How do I know if my hard drive head is bad?

Without the proper equipment it can be very difficult to know for sure if your hard drive has a heads issue. To be certain of the condition of the heads inside your drive you would need to open the drive up in a clean room with a microscope available to inspect the head stack, and (in the absence of a physically visible issue with the heads) would need a tool like the PC-3000 from Ace Labs to be able to troubleshoot the issue.

The symptoms of a bad hard drive head

Common symptoms of a hard drive with bad heads are clicking sounds when the drive is on, a chirping noise coming from the drive, loud knocking sound, scraping sounds like metal on metal, beeping sounds instead of the normal spin-up sound, and clicking sounds followed by the drive spinning back down.

As you see in the list, the sound the drive makes is the best indication if the drive has bad heads.

Clicking Sound

This is probably the most common symptom we hear about for people that need data recovery and are looking for a data recovery lab. Some data recovery labs say this is the most common issue they run into, but for us it is only about 20% of the drives we receive that have not been dropped. Clicking sounds on a hard drive could be something other than bad heads including firmware issues, bad sectors at just the right place, and more.

Loud Knocking Sound

This is basically the same thing as a clicking sound. On some larger desktop drives it really sounds like knocking instead of clicking, but the symptom type is the same. Many times this symptom is caused by a head stack that has failed and is not able to read data.

Scraping Sounds

This is the scariest symptom we hear. Scraping sounds are generally caused by a heads that are coming into contact with the surface of the platter. When the heads come into contact with the platter, it can scratch the platter surface, and if the scratching is bad enough, it can make the data unrecoverable.

Beeping Sounds

A beeping hard drive is becoming more and more common. The symptom is generally caused by a head stack that is stuck on the platters. Sometimes the heads are stuck in a way that has damaged the heads and a replacement head stack is required in order to get the data off. Sometimes the heads are stuck, but they can be lifted off and moved back to the correct position using the right tools and a clean room environment.

Spinning up, Clicking, Then Spinning Down

This is very similar to the clicking sound above, but usually points to a head failure of some kind even more than just clicking or knocking sounds. This symptom can still be caused by something other than bad heads, but the spin-up, clicking, spin-down symptom is usually a heads issue.

Clicking does not always mean bad heads

The symptoms that would normally point to a possible heads issue can also be caused by other issues with the drive. The most common case of this is the clicking sound. Many data recovery shops say that if your drive is clicking it requires a head stack replacement or some other kind of internal work, without even diagnosing the drive.

In our experience, about 20% of drives that have not been dropped but need data recovery have bad heads. Why the clarification on whether the drive was dropped or not? Dropped drives have a much higher chance of needing a head stack replacement than drives that have not been dropped. Of the dropped drives we have received, almost 70% require heads replacement.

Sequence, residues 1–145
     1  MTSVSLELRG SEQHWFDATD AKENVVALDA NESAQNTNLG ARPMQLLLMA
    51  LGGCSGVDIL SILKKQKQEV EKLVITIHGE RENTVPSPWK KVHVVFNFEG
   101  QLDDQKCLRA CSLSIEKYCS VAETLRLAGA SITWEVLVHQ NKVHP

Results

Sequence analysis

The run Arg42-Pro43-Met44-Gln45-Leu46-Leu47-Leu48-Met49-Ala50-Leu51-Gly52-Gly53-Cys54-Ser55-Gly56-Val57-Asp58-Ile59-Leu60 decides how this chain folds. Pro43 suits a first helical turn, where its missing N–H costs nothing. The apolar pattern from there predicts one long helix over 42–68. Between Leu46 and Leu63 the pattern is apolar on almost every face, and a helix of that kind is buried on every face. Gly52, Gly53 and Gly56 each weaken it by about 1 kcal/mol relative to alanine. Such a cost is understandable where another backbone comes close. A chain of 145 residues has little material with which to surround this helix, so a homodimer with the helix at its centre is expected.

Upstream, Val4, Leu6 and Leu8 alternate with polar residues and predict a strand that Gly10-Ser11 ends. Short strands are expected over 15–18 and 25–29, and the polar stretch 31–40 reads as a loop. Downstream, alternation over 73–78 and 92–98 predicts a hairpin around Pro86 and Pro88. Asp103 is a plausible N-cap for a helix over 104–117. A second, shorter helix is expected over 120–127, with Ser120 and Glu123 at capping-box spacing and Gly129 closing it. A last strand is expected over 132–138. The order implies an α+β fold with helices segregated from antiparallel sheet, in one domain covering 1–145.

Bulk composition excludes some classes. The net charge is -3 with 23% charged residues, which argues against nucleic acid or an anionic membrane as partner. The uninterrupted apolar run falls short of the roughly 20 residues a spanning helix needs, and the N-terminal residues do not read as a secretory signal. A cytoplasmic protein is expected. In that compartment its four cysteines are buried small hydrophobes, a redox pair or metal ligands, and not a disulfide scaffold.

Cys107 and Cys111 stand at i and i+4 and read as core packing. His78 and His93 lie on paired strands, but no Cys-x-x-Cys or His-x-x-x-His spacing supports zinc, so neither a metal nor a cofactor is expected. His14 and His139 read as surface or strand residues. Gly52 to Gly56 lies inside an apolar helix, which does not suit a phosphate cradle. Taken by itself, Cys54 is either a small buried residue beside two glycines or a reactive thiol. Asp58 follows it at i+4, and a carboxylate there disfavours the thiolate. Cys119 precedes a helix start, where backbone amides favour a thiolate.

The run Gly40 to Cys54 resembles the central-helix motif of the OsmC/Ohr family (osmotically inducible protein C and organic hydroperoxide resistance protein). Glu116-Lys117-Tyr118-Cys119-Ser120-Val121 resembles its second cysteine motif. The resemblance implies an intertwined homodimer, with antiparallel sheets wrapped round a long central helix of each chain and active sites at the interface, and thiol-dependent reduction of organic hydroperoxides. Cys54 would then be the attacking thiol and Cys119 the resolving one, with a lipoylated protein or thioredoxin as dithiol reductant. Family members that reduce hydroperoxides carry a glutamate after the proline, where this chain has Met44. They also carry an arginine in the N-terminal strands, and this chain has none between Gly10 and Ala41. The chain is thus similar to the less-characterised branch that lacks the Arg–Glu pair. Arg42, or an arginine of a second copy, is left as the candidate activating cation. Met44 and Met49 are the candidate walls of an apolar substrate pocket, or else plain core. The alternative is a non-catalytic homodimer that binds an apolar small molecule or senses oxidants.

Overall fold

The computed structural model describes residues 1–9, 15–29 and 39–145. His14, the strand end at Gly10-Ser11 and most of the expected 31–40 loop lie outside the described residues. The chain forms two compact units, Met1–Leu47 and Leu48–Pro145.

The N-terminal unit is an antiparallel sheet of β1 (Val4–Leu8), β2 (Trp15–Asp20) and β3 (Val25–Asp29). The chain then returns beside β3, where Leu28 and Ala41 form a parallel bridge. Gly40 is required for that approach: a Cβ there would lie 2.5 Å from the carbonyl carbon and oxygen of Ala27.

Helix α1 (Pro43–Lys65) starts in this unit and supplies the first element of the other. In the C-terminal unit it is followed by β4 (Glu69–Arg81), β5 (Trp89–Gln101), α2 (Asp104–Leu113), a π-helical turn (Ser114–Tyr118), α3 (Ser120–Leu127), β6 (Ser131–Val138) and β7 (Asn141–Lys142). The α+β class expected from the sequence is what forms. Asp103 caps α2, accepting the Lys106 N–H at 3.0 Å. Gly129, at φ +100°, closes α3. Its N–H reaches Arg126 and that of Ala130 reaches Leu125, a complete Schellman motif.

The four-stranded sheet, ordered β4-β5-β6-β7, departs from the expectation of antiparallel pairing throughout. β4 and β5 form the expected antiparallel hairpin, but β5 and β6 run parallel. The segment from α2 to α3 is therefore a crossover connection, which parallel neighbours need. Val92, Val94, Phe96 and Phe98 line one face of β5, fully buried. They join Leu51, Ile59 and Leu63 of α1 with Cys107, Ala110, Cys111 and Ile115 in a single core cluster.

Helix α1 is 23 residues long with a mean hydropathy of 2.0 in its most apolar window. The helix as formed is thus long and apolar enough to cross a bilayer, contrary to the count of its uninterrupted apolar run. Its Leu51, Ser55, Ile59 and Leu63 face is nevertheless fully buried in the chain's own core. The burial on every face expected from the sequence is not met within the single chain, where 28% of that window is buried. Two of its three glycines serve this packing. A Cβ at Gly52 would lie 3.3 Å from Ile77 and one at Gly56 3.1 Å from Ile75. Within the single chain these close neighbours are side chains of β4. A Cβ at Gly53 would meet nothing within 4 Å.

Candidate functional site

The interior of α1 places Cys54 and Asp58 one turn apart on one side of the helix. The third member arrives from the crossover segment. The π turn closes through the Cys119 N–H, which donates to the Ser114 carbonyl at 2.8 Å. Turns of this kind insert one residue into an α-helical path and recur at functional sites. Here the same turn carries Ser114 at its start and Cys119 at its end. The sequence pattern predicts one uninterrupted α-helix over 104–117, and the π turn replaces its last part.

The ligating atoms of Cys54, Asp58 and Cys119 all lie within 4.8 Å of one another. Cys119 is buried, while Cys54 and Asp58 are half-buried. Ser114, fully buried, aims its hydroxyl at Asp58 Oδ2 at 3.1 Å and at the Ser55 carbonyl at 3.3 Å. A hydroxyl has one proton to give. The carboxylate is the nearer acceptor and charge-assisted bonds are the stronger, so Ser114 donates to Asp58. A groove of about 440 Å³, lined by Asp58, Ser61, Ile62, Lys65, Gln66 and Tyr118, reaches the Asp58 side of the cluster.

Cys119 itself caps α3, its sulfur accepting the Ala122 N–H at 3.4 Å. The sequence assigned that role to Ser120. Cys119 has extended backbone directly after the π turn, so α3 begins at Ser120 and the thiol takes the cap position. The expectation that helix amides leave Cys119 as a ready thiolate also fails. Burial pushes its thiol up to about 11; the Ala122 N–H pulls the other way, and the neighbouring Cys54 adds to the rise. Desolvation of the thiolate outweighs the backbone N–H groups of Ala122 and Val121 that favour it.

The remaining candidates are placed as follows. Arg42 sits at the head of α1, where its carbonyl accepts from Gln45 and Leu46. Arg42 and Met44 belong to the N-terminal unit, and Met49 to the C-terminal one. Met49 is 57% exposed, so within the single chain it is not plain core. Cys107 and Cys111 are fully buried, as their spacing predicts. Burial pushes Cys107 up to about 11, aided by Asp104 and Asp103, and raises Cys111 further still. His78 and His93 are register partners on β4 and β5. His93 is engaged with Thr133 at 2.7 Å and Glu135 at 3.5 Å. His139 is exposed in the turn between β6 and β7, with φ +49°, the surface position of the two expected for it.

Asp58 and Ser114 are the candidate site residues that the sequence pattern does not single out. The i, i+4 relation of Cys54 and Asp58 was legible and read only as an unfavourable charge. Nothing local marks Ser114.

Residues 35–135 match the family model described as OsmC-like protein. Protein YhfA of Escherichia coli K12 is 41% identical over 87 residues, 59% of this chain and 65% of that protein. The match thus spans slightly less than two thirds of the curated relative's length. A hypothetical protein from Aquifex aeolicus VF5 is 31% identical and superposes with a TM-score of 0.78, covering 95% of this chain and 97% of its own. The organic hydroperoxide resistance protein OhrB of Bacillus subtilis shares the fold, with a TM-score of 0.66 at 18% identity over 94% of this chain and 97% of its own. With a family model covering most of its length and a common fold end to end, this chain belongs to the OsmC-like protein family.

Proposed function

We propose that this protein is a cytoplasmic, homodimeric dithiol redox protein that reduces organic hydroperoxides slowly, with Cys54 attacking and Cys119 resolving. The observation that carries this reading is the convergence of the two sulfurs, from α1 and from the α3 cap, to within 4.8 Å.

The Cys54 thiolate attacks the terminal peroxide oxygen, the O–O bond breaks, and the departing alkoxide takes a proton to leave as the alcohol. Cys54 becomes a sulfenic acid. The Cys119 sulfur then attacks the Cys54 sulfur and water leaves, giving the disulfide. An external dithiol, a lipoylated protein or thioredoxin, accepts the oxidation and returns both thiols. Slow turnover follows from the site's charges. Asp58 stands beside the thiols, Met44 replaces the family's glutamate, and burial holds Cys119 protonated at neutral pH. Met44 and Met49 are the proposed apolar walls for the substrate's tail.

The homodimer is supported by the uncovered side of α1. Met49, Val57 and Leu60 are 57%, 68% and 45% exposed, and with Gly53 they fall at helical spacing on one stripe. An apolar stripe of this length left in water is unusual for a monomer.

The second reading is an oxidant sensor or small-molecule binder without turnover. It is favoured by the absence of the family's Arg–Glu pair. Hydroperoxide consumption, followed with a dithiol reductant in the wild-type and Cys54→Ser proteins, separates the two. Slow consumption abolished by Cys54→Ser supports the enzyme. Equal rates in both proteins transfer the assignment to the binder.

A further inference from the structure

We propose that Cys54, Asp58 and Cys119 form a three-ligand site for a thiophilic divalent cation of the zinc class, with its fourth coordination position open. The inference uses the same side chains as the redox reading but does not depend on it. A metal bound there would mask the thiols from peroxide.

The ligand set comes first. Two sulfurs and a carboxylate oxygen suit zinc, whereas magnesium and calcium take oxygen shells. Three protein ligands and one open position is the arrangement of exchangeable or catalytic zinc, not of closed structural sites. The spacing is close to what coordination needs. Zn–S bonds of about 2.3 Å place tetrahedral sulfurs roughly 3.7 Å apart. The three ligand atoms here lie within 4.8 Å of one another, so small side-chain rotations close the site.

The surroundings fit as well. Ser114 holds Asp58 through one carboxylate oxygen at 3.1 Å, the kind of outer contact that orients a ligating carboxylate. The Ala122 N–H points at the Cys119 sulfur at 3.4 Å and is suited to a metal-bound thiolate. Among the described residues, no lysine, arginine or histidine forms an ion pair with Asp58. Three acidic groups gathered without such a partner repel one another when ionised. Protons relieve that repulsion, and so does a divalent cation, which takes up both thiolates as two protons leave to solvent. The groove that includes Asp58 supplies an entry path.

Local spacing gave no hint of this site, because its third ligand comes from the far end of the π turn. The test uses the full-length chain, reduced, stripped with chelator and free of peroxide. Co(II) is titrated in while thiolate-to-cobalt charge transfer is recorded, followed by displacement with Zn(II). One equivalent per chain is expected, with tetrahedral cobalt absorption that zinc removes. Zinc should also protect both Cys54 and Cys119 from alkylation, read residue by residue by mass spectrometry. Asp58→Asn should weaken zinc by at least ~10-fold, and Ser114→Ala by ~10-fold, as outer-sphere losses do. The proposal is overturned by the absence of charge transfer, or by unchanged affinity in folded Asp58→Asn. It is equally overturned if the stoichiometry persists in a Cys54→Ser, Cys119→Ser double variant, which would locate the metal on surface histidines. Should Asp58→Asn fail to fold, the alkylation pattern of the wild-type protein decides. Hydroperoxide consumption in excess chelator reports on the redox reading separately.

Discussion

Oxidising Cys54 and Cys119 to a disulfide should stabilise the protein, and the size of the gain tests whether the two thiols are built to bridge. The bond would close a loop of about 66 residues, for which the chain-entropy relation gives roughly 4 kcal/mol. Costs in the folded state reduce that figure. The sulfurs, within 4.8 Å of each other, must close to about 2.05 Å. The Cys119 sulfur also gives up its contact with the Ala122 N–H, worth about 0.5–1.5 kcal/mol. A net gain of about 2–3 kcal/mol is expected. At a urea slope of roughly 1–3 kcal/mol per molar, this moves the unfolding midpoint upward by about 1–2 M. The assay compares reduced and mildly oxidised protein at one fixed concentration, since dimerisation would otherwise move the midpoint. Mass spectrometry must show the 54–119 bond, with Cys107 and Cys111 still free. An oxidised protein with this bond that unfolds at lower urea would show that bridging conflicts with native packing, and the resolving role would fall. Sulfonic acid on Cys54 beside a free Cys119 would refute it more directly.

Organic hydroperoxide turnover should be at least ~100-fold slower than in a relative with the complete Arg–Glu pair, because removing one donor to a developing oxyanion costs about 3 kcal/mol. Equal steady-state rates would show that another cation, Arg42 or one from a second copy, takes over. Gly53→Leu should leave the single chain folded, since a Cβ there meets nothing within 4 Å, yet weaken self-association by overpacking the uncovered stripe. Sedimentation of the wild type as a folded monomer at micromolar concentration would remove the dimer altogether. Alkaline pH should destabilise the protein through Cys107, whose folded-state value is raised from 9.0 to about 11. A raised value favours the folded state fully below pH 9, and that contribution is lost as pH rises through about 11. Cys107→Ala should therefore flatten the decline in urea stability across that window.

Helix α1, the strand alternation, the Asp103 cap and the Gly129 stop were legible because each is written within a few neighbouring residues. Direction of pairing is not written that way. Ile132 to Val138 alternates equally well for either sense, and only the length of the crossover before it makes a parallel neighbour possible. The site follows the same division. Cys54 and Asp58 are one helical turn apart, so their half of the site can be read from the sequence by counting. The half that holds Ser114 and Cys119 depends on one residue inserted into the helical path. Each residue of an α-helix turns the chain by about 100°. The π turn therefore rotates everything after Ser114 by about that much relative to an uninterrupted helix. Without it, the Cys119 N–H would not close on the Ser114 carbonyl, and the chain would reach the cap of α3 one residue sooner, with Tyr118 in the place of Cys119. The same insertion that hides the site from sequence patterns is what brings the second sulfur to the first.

What are hard drive heads

If you have gotten this far, you may be curious to know exactly what drive heads are. One of the best analogies available in this industry is the record player analogy. If you are familiar with record players, you know that there is a needle on an arm that reads the data from the record that is spinning around. The hard drive works in a very similar fashion. The platters inside a drive are very much like the record, while the heads are very much like the needle! 

You can basically just imagine a standard hard drive as having a few records spinning around with a few needles reading the data. Now, of course, there is a lot more going on inside a drive than in a record plater, but the analagy is a good one.

How to keep your drive from getting bad heads

I have been asked over the years how to keep a drive from devoting a heads issue. Usually this question comes from a client who doesn’t want to have to go through the stress of needing data recovery again! My answer is always to be sure to have all your important data backed up in at least 2 places. Backing up your data is the best way to keep from needing data recovery.

Having said that backup is the most important step, you can also be sure to not drop or bump your drive. Drops and bumps are the #1 reason we see bad heads inside a drive. As the drive ages the chance of having a head fail goes up, so not relying on older drives is also a good idea. And finally, using a piece of software that will alert you when your drive is showing signs of issues (SMART Status Monitor), is a great idea.

What to do if you think your drive has bad heads

Turn off the drive and don’t turn it back on. When heads are failing they can sometimes cause damage to the platter that holds the data. If the data is important, bring it to a data recovery company you can trust. It is very important to go to a data recovery company that has experienced technicians, and doesn’t utilize any predatory tactics. I have an entire page with helpful considerations before you continue with a data recovery company.

If you would like me to help you with recovering the data on your drive, please start by filling out my free quote request form or giving me a call at (620) 615-6836. I would be happy to discuss the project with you. If you would like to see what I charge for different types of data recovery, you can view my data recovery price list.